The Bead Quilt

The Bead Quilt
On September 11th, 2001, the world changed.
We all know that. We will all remember seeing and hearing it in horror.
This article is not about that, there will be a lot of things on the news about it.
It's about how a lot of people in the beading community found a measure of peace in the massive Bead Quilt project.

The Bead Quilt, with it's 576 squares, 9 panels, weighing about 150 lbs total, took thousands of hours to create.
Each of the squares is hand beaded with glass beads by bead artists around the world.

Peyote stitched, embroidered, square stitched, some squares in themes, some gorgeously designed squares to show the parts of the tragedy that effected them most, some show a hope for peace, many show patriotism and a belief in the United States of America,but they all show how beaders could come together, and show their support for the many victims.

However, the people who probably spent the most hours, time and money on making this symbol of healing and peace a reality are the Bead Quilt team of coordinators. They have spent time and money finding places to show it, museums, bead shows, et cetra, traveling with it, often paying for part of the expenses and insurance out of pocket. Yes, the Bead Quilt has a lot of supporters, financially, but not near enough to pay for the all of it. As you can probably imagine, the cost of shipping and insurance for something that big, in the custom built crates, can be very expensive!

Finding places to show it can be difficult too, the value, weight and size of it make insuring it hard.Even given that, the hard working team has found places to show it, and they are looking for the right permanent homes.

If you would like more information about the quilt, check out The Bead Quilt, there is information on the site for how to become a donor for the project, a list of the places where it will be exhibited, if you get a chance, see it!
How to get buttons or postcards to support the project, and of course, wonderful pictures of the quilt, and a list of the people who made the squares for it.

Here's what some people had to say about it.
Beki Haley, Out on a Whim Beads, saw the quilt at 2 different beadshows.
"It's two-fold really for me the impact of how powerful the squares are.As individual pieces they touched me deeply ,the fact that folks expressed thier emotions in them, and those emotions were so raw,it touched me inside,like I could hear each person speaking about how they felt.The quilt as a whole,just slammed me hard.When I made a special time to stand and view it,the tears,of course, were immediate. The feeling inside me is so hard to describe, almost like every emotion each person was felt about it wrapped into one new emotion ,that I have never felt before. The other aspect of it for me is my strong feelings about the beading community in general.I have been wrapped into it for most of my life, and to see such a gathering of souls all using their beads to express themselves, with no judgement attached, no agenda, no grasp for acknowledgement. That made me proud"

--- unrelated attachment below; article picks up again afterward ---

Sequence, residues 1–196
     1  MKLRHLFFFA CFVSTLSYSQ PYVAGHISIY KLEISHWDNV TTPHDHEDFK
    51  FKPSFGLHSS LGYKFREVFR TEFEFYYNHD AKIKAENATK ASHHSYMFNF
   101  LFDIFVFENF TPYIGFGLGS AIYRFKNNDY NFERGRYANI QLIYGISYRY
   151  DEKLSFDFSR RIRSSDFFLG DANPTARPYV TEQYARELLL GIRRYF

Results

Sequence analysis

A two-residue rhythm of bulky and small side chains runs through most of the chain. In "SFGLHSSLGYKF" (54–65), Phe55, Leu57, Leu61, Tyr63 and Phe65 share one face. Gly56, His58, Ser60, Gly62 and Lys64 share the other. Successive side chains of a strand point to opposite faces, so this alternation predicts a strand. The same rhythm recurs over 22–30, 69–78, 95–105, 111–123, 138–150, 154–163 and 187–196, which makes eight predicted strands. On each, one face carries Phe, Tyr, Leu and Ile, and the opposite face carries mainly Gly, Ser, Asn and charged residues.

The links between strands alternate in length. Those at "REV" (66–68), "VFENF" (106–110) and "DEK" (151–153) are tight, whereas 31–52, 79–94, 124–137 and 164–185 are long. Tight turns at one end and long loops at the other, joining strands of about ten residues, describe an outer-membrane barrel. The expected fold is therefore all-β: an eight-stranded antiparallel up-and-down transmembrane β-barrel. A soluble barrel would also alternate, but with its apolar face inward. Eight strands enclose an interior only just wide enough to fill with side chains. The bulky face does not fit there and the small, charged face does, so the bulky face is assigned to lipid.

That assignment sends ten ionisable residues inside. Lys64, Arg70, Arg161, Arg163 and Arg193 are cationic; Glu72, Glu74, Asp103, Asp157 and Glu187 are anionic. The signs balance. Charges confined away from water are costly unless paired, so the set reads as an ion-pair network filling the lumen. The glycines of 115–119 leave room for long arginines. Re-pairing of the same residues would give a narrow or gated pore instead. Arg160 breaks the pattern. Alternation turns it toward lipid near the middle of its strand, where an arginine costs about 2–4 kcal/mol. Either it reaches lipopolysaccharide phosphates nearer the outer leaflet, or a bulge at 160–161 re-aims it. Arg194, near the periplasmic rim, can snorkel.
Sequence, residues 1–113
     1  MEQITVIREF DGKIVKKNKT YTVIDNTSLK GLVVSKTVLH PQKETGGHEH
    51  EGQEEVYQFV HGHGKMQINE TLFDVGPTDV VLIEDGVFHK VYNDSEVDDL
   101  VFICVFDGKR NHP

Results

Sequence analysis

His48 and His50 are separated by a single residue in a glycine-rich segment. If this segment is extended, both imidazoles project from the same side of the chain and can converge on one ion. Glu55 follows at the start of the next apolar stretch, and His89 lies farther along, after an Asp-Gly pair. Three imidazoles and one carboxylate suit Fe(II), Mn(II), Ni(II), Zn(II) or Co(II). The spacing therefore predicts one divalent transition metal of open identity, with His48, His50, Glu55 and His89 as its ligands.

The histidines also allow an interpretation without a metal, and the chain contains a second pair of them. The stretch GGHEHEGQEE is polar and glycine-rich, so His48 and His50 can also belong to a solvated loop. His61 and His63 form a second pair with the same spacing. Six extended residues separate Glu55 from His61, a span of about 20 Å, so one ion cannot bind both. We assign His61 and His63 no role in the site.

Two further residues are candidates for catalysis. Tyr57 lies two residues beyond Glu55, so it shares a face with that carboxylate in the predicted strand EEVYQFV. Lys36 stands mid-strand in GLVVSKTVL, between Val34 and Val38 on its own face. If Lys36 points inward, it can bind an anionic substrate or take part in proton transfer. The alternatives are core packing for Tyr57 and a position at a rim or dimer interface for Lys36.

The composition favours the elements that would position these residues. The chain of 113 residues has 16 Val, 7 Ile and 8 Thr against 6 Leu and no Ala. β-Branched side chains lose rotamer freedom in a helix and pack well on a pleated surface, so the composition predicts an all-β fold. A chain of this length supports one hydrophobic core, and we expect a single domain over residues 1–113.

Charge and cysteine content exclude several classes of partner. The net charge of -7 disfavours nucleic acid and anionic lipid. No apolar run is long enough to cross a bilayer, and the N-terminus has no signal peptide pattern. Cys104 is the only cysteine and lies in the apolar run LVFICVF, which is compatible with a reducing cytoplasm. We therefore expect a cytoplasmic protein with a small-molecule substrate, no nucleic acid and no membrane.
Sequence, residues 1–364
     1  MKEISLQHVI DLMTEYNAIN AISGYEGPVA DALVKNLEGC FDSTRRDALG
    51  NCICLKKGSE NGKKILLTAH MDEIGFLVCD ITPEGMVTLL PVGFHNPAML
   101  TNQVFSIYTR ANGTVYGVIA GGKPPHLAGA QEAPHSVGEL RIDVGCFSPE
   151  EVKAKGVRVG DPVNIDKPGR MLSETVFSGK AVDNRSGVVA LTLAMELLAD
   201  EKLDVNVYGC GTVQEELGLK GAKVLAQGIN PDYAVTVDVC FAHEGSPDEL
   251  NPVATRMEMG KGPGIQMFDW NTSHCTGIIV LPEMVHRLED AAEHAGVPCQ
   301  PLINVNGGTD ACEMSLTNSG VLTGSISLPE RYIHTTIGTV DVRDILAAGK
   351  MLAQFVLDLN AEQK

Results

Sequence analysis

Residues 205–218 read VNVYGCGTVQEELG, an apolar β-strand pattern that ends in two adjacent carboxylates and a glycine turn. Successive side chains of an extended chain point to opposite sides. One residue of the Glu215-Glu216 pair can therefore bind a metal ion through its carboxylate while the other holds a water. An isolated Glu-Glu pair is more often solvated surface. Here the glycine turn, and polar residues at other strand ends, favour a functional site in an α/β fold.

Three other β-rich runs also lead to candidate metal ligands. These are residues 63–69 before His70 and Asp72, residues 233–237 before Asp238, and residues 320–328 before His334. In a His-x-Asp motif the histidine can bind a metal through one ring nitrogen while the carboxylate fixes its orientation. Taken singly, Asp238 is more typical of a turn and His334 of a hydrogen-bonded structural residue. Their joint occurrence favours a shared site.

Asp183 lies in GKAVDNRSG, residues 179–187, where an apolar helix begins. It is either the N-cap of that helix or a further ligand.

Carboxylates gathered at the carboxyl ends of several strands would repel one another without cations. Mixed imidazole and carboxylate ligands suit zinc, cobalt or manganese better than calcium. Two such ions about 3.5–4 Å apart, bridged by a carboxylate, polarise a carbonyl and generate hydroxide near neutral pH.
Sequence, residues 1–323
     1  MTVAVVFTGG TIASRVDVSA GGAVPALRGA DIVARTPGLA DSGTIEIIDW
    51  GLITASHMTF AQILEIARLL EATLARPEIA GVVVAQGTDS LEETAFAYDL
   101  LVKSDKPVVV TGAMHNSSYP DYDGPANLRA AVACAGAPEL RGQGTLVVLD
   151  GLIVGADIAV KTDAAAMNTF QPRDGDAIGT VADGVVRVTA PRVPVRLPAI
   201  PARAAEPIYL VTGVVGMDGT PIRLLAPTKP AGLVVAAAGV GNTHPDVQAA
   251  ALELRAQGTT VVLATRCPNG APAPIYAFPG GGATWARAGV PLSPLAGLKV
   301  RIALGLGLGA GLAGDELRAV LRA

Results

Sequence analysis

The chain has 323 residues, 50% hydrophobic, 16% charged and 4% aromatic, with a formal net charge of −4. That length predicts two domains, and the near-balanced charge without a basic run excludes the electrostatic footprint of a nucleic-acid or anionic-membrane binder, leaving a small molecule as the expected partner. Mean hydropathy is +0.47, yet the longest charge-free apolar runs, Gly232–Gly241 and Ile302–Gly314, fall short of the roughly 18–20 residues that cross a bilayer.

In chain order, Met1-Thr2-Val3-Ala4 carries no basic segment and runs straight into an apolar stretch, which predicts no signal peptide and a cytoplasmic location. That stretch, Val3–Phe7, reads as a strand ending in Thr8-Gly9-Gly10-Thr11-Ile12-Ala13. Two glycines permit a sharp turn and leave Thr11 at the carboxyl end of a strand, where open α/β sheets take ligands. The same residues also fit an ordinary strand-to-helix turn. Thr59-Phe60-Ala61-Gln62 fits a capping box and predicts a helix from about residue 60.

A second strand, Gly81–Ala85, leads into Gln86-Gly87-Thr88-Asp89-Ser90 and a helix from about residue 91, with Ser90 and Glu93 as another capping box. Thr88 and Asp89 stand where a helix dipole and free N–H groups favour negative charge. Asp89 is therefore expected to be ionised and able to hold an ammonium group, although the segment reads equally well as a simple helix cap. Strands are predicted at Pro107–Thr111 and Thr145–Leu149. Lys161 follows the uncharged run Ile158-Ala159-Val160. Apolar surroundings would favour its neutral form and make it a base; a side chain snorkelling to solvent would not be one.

Julia Pretl, Dark Hare Beadwork and one of the coordinators said this:
"As the Bead Quilt coordinators received the beaded squares from their regions, the scanned images were sent to me,so that I could put them on the website. Every time a new scan would come in, my love for the bead community would grow.This project has enabled me to really feel like part of something at a time when I needed it so badly. I'm sure that others feel the same. Looking at the completed quilt, I am immensly proud of our little community."

Jeanette Shanigan, Shanigan's Shenigans, and the Alaska Coordinator says;
I was the Alaska coordinator for the Bead Quilt. I saw each of the 88 Alaskan squares and the completed Bead Quilt in Portland at Embellishment. There are no words that can truly describe the emotions expressed in the quilt. To me, the impact is so moving, that I cannot articulate my feelings about it. I think this is a common reaction and that's why it's so important to exhibit it in as many areas of the country as possible.
My heartfelt thanks go to Andrea Adams for her vision and to all the other members of Team Bead Quilt who helped bring that vision to fruition.
Please email me with your own stories about how the Bead Quilt affected you, and I will add them to this article.

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This content was written by Shala Kerrigan. If you wish to use this content in any manner, you need written permission. Contact Shala Kerrigan for details.